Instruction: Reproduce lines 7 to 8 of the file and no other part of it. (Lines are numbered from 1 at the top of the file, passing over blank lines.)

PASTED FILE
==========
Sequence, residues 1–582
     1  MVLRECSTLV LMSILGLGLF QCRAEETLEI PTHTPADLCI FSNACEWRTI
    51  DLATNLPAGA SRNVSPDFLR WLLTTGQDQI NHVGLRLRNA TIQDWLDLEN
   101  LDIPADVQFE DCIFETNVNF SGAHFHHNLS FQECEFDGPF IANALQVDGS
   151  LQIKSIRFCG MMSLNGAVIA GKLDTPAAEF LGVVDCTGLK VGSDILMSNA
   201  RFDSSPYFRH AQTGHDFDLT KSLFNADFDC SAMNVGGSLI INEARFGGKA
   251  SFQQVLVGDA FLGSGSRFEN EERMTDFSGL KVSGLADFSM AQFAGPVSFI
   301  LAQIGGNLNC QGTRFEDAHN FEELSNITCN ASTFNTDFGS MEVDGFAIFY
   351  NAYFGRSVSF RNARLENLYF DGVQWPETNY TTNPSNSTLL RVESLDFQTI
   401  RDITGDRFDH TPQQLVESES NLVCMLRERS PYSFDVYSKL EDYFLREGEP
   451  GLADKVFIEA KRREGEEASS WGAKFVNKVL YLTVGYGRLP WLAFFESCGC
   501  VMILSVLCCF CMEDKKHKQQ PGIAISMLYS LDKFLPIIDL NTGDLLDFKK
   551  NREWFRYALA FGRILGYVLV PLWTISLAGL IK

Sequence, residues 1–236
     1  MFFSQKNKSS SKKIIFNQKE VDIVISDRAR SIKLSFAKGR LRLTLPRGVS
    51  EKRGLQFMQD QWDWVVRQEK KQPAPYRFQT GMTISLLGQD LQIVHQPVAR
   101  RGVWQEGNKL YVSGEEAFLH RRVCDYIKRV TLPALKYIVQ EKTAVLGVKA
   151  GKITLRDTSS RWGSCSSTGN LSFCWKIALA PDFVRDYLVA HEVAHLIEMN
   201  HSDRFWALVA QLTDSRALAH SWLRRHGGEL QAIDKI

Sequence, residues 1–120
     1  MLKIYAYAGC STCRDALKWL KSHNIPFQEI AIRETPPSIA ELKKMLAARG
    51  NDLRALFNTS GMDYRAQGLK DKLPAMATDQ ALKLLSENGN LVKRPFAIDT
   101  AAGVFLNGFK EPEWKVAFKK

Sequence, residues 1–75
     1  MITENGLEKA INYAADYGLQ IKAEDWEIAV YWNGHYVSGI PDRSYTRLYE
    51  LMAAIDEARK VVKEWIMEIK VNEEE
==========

   251  SFQQVLVGDA FLGSGSRFEN EERMTDFSGL KVSGLADFSM AQFAGPVSFI
   301  LAQIGGNLNC QGTRFEDAHN FEELSNITCN ASTFNTDFGS MEVDGFAIFY